Google Has Doused It's Wildfire

Following the announcement from Google that it is winding down the Wildfire social marketing platform that it bought for $250m less than two years ago, there’s going to be some customers with some very justifiable concerns.

It may not come as a surprise to many in the industry (the lack of investment and innovation has been clear for a while), but it will send shockwaves through the marketing community.

Back in 2012, the acquisition seemed like a relatively smart (if not over-priced) move by Google. It was a shot across Facebook’s bows (as Facebook had brought Wildfire into its inner-circle) and it gave Google a new perspective on its major competitor and a way to cream-off some marketing dollars spent on Facebook social media management fees.

However, as of yesterday this dream has come to an abrupt end. Wildfire is no longer signing-up any new customers and Google’s ongoing investment in the platform will be limited. This represents a big problem for Wildfire’s customers and those currently considering the platform.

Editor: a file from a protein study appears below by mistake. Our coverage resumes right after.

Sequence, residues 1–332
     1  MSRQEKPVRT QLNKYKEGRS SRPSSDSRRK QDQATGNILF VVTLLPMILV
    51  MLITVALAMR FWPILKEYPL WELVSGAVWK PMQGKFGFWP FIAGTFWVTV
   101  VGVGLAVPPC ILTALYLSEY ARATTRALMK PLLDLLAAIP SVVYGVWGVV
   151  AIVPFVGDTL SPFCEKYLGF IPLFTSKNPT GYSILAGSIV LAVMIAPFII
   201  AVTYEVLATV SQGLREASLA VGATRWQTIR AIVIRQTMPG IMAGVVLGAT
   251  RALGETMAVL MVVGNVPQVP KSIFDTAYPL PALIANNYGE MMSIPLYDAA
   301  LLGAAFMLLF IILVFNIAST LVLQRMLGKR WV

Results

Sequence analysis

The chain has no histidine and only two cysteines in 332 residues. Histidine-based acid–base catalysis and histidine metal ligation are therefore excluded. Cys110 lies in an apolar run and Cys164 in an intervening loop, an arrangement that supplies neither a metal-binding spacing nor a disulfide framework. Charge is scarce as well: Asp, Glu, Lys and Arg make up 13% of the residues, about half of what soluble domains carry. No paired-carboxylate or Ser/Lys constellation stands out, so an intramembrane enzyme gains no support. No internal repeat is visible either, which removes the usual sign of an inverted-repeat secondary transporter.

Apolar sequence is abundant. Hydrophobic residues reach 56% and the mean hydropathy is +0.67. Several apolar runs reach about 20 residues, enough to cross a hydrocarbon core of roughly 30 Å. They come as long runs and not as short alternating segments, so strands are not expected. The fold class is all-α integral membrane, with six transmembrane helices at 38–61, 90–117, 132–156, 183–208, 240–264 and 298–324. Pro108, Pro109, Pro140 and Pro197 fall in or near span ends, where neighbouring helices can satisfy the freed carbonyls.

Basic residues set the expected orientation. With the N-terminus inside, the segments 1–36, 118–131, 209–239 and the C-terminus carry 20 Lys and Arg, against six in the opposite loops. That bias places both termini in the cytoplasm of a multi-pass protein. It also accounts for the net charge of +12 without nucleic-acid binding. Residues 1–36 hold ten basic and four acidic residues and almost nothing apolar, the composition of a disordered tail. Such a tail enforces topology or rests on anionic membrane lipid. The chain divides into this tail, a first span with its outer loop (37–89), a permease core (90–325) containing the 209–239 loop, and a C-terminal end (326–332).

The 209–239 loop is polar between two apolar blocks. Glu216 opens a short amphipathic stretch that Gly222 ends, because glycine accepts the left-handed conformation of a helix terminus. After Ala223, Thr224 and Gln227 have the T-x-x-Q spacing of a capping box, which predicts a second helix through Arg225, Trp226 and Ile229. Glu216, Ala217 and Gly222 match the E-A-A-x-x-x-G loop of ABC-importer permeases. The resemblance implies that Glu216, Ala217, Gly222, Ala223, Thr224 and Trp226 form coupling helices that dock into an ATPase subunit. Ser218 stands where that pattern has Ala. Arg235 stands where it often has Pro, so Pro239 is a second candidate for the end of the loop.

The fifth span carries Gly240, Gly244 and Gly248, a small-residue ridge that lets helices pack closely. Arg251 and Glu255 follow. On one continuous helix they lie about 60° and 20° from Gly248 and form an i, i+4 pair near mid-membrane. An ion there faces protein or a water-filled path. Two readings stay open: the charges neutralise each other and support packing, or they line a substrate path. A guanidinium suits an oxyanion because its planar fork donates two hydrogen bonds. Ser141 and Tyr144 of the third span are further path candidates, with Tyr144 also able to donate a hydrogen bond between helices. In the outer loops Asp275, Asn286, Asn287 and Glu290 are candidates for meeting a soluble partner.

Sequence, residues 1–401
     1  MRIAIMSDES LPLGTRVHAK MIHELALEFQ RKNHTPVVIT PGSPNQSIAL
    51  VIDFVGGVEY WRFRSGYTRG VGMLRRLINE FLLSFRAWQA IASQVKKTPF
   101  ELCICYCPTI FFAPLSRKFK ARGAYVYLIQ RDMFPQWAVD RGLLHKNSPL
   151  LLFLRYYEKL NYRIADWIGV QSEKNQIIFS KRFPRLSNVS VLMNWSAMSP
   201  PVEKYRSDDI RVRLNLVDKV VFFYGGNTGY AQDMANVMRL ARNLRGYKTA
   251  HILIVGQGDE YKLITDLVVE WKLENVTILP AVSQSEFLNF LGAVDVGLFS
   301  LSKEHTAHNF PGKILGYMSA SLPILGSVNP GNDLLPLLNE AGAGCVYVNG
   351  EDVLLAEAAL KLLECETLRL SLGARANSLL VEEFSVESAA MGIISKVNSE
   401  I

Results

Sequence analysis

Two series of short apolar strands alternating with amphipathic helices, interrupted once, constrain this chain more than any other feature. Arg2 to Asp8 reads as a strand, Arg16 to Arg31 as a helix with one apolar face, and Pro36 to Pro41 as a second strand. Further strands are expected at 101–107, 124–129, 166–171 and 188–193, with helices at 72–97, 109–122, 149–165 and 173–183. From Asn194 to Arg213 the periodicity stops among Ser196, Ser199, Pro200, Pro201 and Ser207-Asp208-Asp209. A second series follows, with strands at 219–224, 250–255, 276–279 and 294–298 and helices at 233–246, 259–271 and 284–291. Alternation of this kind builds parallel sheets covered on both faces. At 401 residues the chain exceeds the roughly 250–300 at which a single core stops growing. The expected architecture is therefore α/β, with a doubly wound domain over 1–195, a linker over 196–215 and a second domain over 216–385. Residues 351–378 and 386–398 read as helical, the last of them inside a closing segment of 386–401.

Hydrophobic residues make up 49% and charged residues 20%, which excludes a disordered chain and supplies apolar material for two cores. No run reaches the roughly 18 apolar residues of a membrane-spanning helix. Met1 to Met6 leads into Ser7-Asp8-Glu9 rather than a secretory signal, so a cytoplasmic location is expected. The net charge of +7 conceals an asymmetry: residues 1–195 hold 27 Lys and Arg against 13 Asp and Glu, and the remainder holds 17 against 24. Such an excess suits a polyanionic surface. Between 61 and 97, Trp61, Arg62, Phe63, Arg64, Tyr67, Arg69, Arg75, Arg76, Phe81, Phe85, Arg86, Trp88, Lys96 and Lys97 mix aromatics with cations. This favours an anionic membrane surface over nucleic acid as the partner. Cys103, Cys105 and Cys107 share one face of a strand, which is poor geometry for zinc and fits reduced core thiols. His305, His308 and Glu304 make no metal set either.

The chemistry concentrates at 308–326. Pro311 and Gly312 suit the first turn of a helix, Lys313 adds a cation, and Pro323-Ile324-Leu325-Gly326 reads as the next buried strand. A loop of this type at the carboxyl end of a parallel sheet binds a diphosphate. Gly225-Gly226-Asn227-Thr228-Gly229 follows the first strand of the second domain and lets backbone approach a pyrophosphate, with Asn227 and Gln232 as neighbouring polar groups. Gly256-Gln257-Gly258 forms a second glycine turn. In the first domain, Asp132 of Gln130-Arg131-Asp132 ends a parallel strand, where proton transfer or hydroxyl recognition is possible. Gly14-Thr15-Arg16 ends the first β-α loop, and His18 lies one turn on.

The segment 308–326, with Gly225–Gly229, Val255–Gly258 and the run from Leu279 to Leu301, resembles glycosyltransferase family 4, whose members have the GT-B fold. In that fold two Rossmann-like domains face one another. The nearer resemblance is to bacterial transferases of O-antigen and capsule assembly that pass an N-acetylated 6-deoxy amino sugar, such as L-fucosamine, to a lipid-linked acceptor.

Here’s an extract from Wildfire founder Victoria Ransom’s blog, addressing the changes:

The Wildfire Social Marketing Suite, which helps businesses manage their posts and content on social networks like Facebook, Twitter, Google+ and Pinterest, will continue to be supported, but further investments will be limited: we won’t be building new features or signing up new customers.

In the world of social media marketing, brands need a platform that invests to simplify and automate as many processes as possible, while still providing a unique and immersive experience.

So, if Google is no longer willing to invest in innovation, their customers are going to have to make some clear decisions about their choice of social marketing platform.

This is an edited version of a blog originally published on

Photo (cc) Donna Trussell. Some rights reserved.